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Review: The Hunger Games (2012)

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I never really payed much attention to the hype surrounding the Hunger Games upon its release. I’d never read the books, and I wasn’t prepared to go in on what I thought was the next Twilight series. Then everyone I knew was talking it up. Then everyone I knew saw it and came back glowing. Then I had to see it.

If you’re like me, and had no knowledge of The Hunger Games, read on. If you can know what a tracker jacker is, you can probably skip this paragraph. The Hunger Games is the first part of a trilogy based off the book series by Suzanne Collins. In this dystopian future, the country of Panem and its 12 districts is ordered to send two children (one boy one girl) between the ages of 12-18 to the Capitol each year as tribute. The tributes then fight to the death on live tv and the winner is showered with prizes and wins food for his or her district. Katniss Everdeen (Jennifer Lawrence), from the coal mining district 12 has hardly any chance of victory, but her volunteering after her sister was selected has grabbed the attention of the world. Now Katniss, and her District mate, Peeta (Josh Hutcherson) are trying to outlive each other and the rest of the contestants as the world watches on.

The Hunger Games starts off feeling a lot like 1984 or THX1138. Very futuristic, but old in the same way. The whole premise might seem far fetched but the acting makes you suspend your critical thinking enough that you forget. I’ve already seen what Lawrence can do in the woods in Winters Bone, and she is just as good when acting for a bunch of teenagers. The rest of the cast isn’t memorable, but solid nonetheless. What the film is able to do is make you anticipate the Games. The whole first half I was just constantly looking forward to the Games. And when they do start, the film isn’t afraid to make it a violent PG-13. Right away we realize how sick this game just is, and start rooting against the game master. The Hunger Games brings you into its world and doesn’t let you leave.

My Rating: B+


Review: X-Men First Class (2011)

I was late to the game when it came to the X-Men films, and although they were arguable the ones that made superhero movies box-office guarantees, the effects are a tad lacking nowadays. Add to the fact that the last one I saw, X-Men Origins: Wolverine was subpar at best, and X-Men: First Class wasn’t the most drool worthy thing when I heard about it. What sets First Class apart is the fact it really isn’t like any of the other 4. A new cast and a more character driven plot shows us how good an expected “popcorn flick” can be.

Set in the 1960’s, First Class is really the Origins for the rest of the crew, specifically Charles Xavier (James McAvoy) and Erik Lehnsherr (Michael Fassbender). Although I love McAvoy, Fassbender really stands out due to the arguably better role as the concentration camp survivor who needs to control his rage. The two of them, along with familiar faces like Mystique (Jennifer Lawrence) and Beast (Nicholas Hoult) go after another mutant (Kevin Bacon) who, like all good villains, is attempting to start World War III.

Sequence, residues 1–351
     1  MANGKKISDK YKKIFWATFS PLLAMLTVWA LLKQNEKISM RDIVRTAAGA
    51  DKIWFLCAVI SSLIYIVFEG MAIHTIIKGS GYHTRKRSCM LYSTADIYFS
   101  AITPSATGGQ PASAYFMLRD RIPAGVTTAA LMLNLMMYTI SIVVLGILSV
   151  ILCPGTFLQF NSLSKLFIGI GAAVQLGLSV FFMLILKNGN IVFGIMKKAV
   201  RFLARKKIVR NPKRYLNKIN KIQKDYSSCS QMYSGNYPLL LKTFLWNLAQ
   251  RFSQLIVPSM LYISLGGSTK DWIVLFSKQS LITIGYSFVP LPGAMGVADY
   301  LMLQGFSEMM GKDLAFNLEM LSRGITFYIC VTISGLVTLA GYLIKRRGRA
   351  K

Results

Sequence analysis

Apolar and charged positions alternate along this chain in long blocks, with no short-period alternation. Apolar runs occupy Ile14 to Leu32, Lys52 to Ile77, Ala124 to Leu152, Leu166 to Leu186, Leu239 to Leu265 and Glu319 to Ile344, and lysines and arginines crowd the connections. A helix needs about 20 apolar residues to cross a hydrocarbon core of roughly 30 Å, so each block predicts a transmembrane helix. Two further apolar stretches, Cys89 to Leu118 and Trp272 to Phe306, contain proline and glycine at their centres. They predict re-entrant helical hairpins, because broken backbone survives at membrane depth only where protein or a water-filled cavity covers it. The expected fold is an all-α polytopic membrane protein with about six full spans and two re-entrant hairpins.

Casting? Great. Bacon plays the villain quite well, while Fassbender and McAvoy bring their steady acting chops to the table. We also find out that Jennifer Lawrence of Winter’s Bone fame, can also work on a blockbuster like the X-Men franchise. Story wise, the plot is great, showing us a side of Mystique and Magneto that we never knew. They actually make their choice seem somewhat logical. Technically speaking, First Class stays well above the average with some fantastic effects, including a certain final battle scene involving a coin, that is beauty on film.

My Rating: A-

Review: Winter’s Bone (2010)

Winter’s Bone, the surprise movie of the 2010 award season, showed off numerous accolades, including 4 Oscar nominations, a few Sundance awards, amongst others. In fact, it was seen so little in theaters, it was actually the lowest grossing film to be nominated for an Oscar. The low grossing might have something to do with the slow plot, the lack of any sex or action, or simply the dark cold atmosphere of the film.

Set in the Ozarks, Winter’s Bone has the same mood as it’s setting. Cold, dark, harsh, unpleasant, both the weather and the film set high marks in these areas. The story revolves around 17-year old Ree. Aside from taking care of her two younger siblings, her sick mother, and keeping the house in order, she must now find her drug-dealing father, who is on the run, in order to keep her home.

Even though I am not the biggest fan of slow moving dramas that sometimes drag, I kinda enjoyed Winter’s Bone. The emotions Jennifer Lawrence has to portray is staggering, and she does it all in stride. The setting, from what I’ve heard, is dead on from real life, and it really shows how this movie could really happen to someone. Great acting, and even greater setting and mood make this one of the years best.

My Rating: A-